Local Poets

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    AN EVENING WITH LOCAL POETS We have a rare opportunity for you to join four local poets, including Victoria's Poet Laureate, Yvonne Blomer, for a night of Ekphrastic Poetry reading. Yvonne, along with poets John Barton, Eve Joseph and Arleen Pare, will respond to various visual works of art from paintings to sculptures, including artists Emily Carr and Robert Bateman. This is the perfect cultural and creative outing for a January evening! Date: January 17th, 6-8 p.m. at The Robert Bateman Centre Members $5 and non-members $10. Register online atbatemancentre.org/events
  15. Leslie Campbell

    Dance Days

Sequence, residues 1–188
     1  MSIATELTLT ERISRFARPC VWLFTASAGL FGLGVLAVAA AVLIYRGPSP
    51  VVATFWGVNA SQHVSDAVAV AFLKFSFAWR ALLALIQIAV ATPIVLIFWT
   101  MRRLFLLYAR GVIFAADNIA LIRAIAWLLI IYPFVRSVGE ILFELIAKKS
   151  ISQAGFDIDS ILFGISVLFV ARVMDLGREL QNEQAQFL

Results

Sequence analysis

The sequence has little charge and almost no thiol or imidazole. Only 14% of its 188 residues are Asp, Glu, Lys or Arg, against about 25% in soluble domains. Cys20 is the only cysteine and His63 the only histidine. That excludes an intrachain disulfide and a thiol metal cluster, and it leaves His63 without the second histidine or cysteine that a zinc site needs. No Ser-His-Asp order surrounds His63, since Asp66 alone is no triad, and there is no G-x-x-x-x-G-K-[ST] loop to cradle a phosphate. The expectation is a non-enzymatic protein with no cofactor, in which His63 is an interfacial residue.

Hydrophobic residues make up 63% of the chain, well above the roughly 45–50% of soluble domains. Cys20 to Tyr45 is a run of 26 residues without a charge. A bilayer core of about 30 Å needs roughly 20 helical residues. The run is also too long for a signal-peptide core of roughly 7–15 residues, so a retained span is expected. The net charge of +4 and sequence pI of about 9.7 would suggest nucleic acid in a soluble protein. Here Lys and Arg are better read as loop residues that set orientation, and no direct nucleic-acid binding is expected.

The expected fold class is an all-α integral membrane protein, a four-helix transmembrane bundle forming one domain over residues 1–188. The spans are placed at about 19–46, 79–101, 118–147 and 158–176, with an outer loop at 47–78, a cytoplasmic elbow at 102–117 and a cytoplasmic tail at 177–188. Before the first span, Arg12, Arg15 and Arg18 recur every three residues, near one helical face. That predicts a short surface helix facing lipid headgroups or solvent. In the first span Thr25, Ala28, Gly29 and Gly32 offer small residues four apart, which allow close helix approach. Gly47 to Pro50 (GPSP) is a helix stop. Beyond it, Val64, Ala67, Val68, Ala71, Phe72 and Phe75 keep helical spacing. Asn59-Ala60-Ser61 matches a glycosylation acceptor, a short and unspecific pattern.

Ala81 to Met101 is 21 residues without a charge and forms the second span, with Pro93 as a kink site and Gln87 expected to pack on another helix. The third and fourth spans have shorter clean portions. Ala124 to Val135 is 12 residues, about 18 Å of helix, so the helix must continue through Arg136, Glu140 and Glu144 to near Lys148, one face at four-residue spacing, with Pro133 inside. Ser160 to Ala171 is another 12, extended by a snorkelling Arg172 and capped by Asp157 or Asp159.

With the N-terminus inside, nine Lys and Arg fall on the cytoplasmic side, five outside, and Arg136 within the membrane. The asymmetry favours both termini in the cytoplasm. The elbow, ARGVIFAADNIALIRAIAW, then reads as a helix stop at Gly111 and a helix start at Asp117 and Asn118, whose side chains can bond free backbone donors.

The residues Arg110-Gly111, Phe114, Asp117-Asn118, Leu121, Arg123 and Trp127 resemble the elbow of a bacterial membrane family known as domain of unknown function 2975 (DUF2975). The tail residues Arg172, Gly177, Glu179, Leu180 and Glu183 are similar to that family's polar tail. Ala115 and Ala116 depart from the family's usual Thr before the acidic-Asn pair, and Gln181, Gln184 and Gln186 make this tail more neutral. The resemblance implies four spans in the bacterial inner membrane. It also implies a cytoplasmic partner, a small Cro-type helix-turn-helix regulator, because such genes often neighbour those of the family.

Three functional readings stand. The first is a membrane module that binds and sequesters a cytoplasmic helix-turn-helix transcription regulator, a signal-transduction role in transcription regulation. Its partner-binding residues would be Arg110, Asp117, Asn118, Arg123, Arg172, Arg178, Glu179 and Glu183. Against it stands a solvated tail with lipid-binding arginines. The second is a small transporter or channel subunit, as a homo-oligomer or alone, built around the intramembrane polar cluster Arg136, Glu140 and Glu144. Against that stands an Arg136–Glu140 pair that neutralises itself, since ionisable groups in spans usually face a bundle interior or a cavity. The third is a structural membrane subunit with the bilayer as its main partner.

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    Dance Victoria’s Dance Days Now in its 10th year, Dance Days is a unique, “experiential” event. Over ten days each January, the public is invited to participate in free classes at studios all over the city; watch demonstrations of dance, such as flamenco, belly dance or ballet; see new professional work in development by Victoria and Vancouver artists; participate in discussions and roundtables; and meet and mingle with artists and dance presenters. Rough Cuts January 25 + 26, 2019. Informal showings performed under work lights and without costume or makeup. Join a group of visiting dance presenters from across the country and participate in a meaningful discussion with the artists. Sølvi Edvardsen’s MAN • McPherson Playhouse January 25, 2019. *One performance only* In MAN, Adhana uses only a small sitting stool as his partner to embody the struggles of a bicultural identity, while considering who is he? Where does he come from? At the heart of the work is Edvardsen’s exploration of how we put limits on ourselves based on our life experiences. MAN is at the crossroads of two cultures. It acts a dialogue between Norwegian choreographer Sølvi Edvardsen and South Asian dancer Sudesh Adhana, and questions identity and what it means to be human. At the heart of the work is her exploration of how we put limits on ourselves - draw lines and boundaries - based on our experiences, especially if you have a bi-cultural identity. See www.dancevictoria.com for further events of Dance Days -- including a “choreography walk”; a roundtable discussion about the state of contemporary dance in the Nordic countries and India; and more.